However, real estate agent Charles Palmer saw neighborhoods such as Tanyard Creek as advantageous sites for redevelopment due to how their clearance could benefit nearby institutions and landlords through increased property values.3 In light of President Franklin Delanor Roosevelt’s New Deal program for slum clearance, Palmer would go on to assume the lead role in demolishing these Atlanta neighborhoods and replacing them with public housing projects. Tanyard Creek would be the first one demolished.
New Deal Slum Clearance and Charles Palmer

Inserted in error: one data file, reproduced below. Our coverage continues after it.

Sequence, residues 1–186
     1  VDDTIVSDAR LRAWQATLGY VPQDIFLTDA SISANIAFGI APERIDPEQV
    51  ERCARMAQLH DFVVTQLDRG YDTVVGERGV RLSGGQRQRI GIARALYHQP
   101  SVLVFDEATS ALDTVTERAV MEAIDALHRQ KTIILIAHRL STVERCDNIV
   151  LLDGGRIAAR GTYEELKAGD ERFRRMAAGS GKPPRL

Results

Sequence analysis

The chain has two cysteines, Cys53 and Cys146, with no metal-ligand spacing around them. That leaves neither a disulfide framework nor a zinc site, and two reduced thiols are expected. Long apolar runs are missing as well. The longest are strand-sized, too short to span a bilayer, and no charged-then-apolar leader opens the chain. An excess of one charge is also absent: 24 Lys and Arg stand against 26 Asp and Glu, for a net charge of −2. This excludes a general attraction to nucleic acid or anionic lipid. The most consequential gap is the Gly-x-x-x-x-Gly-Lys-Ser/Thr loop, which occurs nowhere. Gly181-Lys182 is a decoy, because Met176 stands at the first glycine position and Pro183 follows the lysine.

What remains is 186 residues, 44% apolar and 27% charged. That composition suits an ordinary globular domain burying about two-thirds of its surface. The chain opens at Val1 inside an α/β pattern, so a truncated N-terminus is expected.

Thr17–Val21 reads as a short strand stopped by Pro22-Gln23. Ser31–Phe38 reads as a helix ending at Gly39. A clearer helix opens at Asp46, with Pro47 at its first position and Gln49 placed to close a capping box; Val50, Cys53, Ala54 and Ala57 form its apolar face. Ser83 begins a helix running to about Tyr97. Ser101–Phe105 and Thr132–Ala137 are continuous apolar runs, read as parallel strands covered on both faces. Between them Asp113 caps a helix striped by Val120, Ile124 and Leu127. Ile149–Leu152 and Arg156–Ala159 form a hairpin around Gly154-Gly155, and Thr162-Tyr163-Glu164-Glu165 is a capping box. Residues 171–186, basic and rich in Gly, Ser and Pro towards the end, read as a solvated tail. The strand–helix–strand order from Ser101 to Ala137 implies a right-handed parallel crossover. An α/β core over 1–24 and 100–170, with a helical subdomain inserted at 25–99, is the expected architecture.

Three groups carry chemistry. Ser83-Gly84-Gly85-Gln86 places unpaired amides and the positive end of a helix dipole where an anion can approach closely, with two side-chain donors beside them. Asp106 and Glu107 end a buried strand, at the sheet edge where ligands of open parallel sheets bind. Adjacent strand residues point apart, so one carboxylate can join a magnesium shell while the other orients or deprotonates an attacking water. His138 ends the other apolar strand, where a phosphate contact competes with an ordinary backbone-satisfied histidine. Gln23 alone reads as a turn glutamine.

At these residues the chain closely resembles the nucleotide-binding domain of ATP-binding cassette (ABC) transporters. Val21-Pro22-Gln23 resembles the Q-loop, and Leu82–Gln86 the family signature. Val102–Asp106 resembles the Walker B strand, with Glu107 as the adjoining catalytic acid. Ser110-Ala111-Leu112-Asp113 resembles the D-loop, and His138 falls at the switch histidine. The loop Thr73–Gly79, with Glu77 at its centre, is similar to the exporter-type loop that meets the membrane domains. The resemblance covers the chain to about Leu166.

Public Housing in America was sought out during the Great Depression through President Roosevelt’s New Deal which included measures for affordable public housing for the working poor. It was during this time that cities saw increases in slums due to a job shortage and large stock of inadequate housing. New Deal policies centered around providing adequate housing to the “deserving poor” which was defined as those who had good character and stable family lives but lived in slum conditions.5 Under Roosevelt, Congress created the United States Housing Authority which allocated $800 million dollars toward slum clearance and providing safe and sanitary dwellings for American Families. 6 Charles Palmer, a prominent real estate agent, and wealthy Atlanta businessman saw this government program as a way to use federal money to eliminate shanty towns and replace them with more adequate housing. This was in part self-interested as it would also boost the property values of the business district where Palmer owned three major office buildings.7